Mariners captain Oliver Bozanic fighting for the ball against Sydney FC's Rhyan Grant. (Image: Izhar Khan)

The Central Coast Mariners saw off a lackluster Sydney at Kogarah to reach their first ever FFA Cup final. Where did it go wrong for Sydney?

The Central Coast Mariners saw off a lackluster Sydney at Kogarah to reach their first ever FFA Cup final. Where did it go wrong for Sydney?

It was the battle of the polar opposite circumstances. Sydney FC being worked to the extreme, playing their third game in seven days. The Mariners meanwhile made their first appearance since December 21, due to constant COVID-19 disruption.

The match was punctuated by two dynamic duos: Elvis Kamsoba and Trent Buhagiar for Sydney FC along with Marco Urena and Moresche for the Mariners.

Both sides felt the impacts of their unique situation in the first half, which was open, yet scoreless despite the efforts of both sides.

Sydney got in some strong positions but some heavy touches and slow movement prevented them from capitalising. The Mariners also created some good opportunities, but the lack of game time played a part in their inability to finish off their strong work.

Kamsoba, the difference maker in the quarter final tie against Brisbane, continued silencing his doubters, being central to all the positive play created by Sydney FC. Despite encouraging combination play between Kamsoba and Buhagiar, Sydney FC ended the first half without testing Mariners’ goalkeeper Mark Birighitti.

Birighitti continued the second half as he started the first, getting a touch on Buhagiar’s shot to force a corner. Buhagiar’s speed got him to good positions throughout the evening, but his final product let him down as Sydney FC went scoreless.

The absence of Luke Brattan remains a problem for Sydney FC, which combined with tired legs, felt slow in possession. The Sky Blues were unable to produce the high quality chances we have become accustomed to throughout the years.

It is not clear where Sydney FC’s midfield saviour will come from. The club has signed Socceroo Mustafa Amini on a six month contract, but it is not that simple.

Amini has not played regular football for a long time, and he will need to build up his fitness and find his touch again. That is not something you can realistically do in such a short space of time.

Patrick Yazbek has done a fantastic job in his first month of regular first team football but some of the senior players need to step up.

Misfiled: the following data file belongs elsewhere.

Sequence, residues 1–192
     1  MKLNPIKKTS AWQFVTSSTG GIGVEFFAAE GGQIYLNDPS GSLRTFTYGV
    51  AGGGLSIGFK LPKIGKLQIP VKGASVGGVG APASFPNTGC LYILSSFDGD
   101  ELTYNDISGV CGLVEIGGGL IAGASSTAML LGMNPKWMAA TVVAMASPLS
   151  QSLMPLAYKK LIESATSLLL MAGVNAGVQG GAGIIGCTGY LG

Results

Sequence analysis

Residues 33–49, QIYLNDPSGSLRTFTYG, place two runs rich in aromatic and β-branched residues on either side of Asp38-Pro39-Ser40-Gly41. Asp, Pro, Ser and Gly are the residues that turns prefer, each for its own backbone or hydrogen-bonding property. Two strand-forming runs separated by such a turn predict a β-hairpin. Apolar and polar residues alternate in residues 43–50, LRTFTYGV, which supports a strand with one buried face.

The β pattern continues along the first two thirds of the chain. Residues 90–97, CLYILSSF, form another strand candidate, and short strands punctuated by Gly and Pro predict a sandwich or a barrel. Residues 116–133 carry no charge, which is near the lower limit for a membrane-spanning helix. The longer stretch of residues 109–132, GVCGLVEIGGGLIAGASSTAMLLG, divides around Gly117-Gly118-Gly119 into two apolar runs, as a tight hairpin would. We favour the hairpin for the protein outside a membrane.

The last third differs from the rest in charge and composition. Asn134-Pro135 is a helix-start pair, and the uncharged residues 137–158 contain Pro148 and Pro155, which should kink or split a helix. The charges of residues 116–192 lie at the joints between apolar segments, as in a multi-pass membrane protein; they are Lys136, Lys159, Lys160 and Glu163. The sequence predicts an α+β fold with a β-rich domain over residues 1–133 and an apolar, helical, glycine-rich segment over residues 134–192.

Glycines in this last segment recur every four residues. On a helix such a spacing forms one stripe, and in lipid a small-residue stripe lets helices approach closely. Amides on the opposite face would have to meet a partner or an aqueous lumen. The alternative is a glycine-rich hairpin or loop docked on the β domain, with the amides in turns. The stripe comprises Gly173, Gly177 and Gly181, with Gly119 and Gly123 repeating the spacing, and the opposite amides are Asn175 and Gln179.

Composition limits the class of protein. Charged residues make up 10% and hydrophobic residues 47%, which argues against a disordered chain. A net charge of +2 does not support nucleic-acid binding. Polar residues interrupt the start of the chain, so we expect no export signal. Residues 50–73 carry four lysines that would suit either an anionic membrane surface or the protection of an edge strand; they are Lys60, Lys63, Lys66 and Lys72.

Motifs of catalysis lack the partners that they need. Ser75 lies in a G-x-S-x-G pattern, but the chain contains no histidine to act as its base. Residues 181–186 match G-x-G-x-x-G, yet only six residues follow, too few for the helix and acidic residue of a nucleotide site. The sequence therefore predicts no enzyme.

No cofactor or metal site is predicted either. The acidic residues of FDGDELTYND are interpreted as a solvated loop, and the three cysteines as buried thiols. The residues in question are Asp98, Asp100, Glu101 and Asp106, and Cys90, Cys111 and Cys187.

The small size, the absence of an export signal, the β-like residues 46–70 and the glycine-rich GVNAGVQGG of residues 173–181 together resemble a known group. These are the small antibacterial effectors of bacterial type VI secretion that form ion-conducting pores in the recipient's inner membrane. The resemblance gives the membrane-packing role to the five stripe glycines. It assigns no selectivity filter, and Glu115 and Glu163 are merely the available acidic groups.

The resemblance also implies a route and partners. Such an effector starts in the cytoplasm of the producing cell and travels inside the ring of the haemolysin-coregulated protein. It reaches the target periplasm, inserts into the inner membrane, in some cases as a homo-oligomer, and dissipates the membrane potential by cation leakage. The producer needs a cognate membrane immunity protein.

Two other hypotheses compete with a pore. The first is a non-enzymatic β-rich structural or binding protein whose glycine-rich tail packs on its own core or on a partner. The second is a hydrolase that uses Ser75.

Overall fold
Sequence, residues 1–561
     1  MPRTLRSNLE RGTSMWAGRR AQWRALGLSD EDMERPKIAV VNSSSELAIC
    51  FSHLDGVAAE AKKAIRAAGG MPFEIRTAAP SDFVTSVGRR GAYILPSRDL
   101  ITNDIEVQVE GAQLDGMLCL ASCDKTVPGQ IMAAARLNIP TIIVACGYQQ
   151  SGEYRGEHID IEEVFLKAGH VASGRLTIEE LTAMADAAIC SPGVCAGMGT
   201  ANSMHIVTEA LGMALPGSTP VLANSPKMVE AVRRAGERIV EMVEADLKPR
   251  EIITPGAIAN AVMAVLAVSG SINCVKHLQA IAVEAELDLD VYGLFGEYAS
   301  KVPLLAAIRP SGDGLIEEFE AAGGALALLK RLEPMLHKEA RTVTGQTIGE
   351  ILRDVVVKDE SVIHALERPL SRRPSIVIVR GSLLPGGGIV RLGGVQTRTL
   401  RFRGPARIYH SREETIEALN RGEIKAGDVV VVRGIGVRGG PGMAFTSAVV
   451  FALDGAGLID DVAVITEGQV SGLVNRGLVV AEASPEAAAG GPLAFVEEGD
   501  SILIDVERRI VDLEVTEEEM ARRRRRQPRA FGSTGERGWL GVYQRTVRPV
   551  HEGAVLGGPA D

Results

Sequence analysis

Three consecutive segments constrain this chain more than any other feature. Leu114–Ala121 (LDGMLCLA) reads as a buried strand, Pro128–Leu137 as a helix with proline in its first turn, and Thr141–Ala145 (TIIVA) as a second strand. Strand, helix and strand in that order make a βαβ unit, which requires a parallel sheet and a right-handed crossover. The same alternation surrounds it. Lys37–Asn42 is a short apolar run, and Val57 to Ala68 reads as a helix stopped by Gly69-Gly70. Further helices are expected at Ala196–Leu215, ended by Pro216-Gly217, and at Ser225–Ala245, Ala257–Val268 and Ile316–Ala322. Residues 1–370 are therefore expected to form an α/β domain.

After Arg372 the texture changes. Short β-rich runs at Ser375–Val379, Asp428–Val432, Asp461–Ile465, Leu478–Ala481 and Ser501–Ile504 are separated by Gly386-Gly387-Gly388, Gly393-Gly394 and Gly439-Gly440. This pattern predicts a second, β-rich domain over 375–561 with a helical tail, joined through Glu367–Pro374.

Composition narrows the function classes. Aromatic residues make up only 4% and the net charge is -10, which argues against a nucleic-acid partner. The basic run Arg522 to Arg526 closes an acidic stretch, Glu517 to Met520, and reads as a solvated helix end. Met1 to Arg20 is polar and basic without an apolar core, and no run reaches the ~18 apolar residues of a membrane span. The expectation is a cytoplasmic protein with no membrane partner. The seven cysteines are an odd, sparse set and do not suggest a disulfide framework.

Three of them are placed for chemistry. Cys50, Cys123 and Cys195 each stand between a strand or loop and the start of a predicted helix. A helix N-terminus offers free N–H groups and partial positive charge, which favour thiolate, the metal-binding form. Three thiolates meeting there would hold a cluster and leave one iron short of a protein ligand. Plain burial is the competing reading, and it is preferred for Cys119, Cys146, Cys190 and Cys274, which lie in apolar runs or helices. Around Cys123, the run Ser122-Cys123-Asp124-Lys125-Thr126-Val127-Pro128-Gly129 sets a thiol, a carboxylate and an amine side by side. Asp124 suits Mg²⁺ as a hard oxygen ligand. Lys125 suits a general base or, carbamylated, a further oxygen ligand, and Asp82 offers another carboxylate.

Kamsoba was the only player in a sky blue top to cause the Mariners any concern. Senior players like Anthony Caceres, Max Burgess and Milos Ninkovic will have to pick up the creative burden if Sydney FC is to rediscover the form that has made it such a formidable side throughout the years.

Josh Nisbett taking on Anthony Caceres and Joel King. (Image: Izhar Khan)

It was a different story for the Mariners, who returned to action for the first time in just under a month, full of energy. That was evident after half time, and despite a bright start by Sydney FC, the Mariners eventually got a hold of the midfield.

Andrew Redmayne’s brilliance was the only thing standing in the way of the Mariners and a maiden FFA Cup final appearance with several strong stops, including a double save, to keep out Moresche.

The game’s main talking point came when a strong move by Lewis Miller got him past Sydney left back Joel King, who proceeded to commit a foul near the penalty box line. Referee Alex King viewed it as a foul inside the box and awarded the Mariners a penalty.

Urena went straight through he middle, nutmegging Redmayne who was unable to keep his heroics going.

Sydney FC’s creativity issues became even more evident a goal down. The side was unable to give Birighitti any substantial worries for the 10 minutes remaining in the match up.

The Mariners will surely celebrate a maiden FFA Cup Final appearance, but Sydney FC will return to the drawing board.

You can put the loss down to three games in a week or a controversial penalty, but Sydney has a creative problem in the midfield. Currently, the only time it looks remotely dangerous is when Kamsoba is on the ball, a situation which would have been unheard of a few months ago.

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